5 Annotations

First Reading

Nix  •  Link

"What is the difference between rowing and sculling?

"In rowing, each rower uses one oar with both hands. In sculling, each sculler uses two oars, one in each hand. Rowing is also known as sweep rowing and the oars as 'sweep oars'. The oars used in sculling are also known as 'sculls'. Please see our Rowing Guide (or a dictionary) for more."


CGS  •  Link

sculler, n [scull]

3entries for Mr P
1. One who propels a boat by means of a scull or a pair of sculls; one skilled in the management of a sculling-boat.
1660 PEPYS Diary 2 Nov., I was told the Queen was a-coming; so I got a sculler for sixpence to carry me thither and back again.

4. attrib. and Comb., as sculler-boat, a sculling-boat; sculler-man, one who plies a sculling-boat for hire. Obs.
1663 PEPYS Diary 1 May, Going thither..I met a boy in a sculler-boat.

scull, n.1

[Of obscure origin.
Some would identify it with SKULL bowl, goblet, supposing that the name refers to the hollowed form of the blade; but this seems very improbable.]

1. A kind of oar. a. An oar used to propel a boat by working it from side to side over the stern of the boat, reversing the blade at each turn. Also in Comb., as scull-hole = sculling-hole s.v. SCULLING vbl. n. b. b. An oar, shorter and lighter than a ‘rowing’ oar, so that a pair can be operated at once by one person, who sits midway between the sides of the boat.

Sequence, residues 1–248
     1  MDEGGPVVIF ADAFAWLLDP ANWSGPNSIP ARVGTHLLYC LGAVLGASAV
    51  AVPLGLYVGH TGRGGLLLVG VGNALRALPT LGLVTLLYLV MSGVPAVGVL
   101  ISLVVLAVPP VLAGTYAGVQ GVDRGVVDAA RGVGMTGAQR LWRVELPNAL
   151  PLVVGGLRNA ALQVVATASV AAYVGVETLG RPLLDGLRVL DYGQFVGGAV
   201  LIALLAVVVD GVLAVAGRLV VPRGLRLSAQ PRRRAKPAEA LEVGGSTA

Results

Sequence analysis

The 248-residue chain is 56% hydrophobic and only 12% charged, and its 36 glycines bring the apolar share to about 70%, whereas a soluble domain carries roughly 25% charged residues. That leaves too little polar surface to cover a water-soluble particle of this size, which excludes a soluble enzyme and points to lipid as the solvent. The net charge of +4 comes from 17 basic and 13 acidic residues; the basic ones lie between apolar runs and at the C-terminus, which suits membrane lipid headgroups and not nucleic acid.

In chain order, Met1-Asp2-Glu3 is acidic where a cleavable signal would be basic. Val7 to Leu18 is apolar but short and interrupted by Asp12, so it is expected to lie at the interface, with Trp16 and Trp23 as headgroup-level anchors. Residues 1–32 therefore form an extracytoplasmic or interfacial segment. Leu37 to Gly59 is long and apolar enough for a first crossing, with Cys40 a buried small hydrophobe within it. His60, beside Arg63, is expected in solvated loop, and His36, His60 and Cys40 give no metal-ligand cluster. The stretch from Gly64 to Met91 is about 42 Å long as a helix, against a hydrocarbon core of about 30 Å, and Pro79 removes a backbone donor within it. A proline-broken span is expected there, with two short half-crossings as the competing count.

1674 PETTY Disc. R. Soc. 56 Suppose a Paralellipipedon-Boat or Vessel, of breadth fit for a pair of Skulls..and of length sufficient for 9 such Skulls or Oars.

2. A boat propelled with a scull or a pair of sculls; a sculling-boat. Obs.
1611 COTGR., Napelette, a small skiffe, scull, or cocke-boat. 1661 PEPYS Diary 3 Dec., Thence by water..being carried by him in oares that the other day rowed in a scull faster than my oares to the Towre.

also: A scullion. Also Comb. scull-boy.

also a name for gull bird

Not to be confused with scullery [maid]
1. The department of a household concerned with the care of the plates, dishes, and kitchen utensils. Also the room or rooms in which the work of this department is carried on. Obs. exc. Hist.

also not to be confused Scullion

A domestic servant of the lowest rank in a household who performed the menial offices of the kitchen; hence, a person of the lowest order, esp. as an abusive epithet. Now only arch.

Second Reading

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Chart showing the number of references in each month of the diary’s entries.



  • Jun
  • Dec